Collaborators: David Walters (USGS), Will Clements (Colorado State University), Travis Schmidt (USGS), Bob Zuellig (USGS), Johanna Kraus (USGS), Rich Wanty (USGS), Craig Stricker (USGS), Brianna Henry (USD/USGS), Jake Kerby (USD).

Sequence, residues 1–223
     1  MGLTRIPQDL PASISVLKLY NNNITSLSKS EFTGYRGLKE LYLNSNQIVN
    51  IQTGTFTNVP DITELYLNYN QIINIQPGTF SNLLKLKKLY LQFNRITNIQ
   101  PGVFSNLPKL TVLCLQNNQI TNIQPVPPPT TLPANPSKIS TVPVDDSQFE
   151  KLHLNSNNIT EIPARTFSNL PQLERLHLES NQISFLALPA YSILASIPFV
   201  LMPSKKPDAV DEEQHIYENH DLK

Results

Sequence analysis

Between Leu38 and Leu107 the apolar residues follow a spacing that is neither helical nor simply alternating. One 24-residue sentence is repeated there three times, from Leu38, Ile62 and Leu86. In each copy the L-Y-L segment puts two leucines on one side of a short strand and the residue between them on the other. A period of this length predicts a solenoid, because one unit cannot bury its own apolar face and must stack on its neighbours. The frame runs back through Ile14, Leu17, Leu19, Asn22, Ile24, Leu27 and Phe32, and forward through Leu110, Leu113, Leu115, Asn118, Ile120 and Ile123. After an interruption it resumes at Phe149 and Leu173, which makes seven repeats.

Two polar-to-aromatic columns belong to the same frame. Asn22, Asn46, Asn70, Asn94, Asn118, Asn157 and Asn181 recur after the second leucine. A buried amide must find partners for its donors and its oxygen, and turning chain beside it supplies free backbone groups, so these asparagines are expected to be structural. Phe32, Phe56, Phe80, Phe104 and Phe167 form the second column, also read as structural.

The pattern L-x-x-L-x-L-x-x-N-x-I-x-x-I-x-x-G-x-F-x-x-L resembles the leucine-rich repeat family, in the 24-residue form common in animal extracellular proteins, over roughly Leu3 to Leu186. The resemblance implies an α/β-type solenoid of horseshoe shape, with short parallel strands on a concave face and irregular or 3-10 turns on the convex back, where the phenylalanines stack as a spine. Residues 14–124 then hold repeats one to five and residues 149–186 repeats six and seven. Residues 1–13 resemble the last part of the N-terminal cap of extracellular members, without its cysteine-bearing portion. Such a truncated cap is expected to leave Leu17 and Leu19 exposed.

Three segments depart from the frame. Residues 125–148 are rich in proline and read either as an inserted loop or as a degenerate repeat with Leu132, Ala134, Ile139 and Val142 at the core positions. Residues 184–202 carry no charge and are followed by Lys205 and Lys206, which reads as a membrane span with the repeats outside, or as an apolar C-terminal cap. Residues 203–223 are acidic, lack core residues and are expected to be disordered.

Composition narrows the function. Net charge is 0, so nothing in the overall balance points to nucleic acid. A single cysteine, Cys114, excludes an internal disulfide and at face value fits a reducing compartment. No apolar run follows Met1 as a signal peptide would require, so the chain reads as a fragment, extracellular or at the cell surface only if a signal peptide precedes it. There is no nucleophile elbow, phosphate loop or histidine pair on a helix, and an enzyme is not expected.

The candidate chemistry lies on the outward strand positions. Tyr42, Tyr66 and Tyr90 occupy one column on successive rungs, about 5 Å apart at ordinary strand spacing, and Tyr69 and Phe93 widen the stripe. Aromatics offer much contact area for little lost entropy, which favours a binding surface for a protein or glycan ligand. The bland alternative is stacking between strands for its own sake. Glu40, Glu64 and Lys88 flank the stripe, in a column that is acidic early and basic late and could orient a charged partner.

When insects emerge from streams and lakes, they provide energy subsidies to terrestrial food webs. As a result, subsidy theory largely assumes that the response of terrestrial predators is driven by the quantity of the subsidy (i.e. emerging insects). But emerging insects are more than a “quick meal.” Some may also be toxic, containing metals like mercury, zinc, and cadmium. Their toxicity is determined by a suite of factors: metamorphosis, species, metal bioavailability, geologic history. We study how these factors influence the trophic transfer of metals from stream to terrestrial food webs.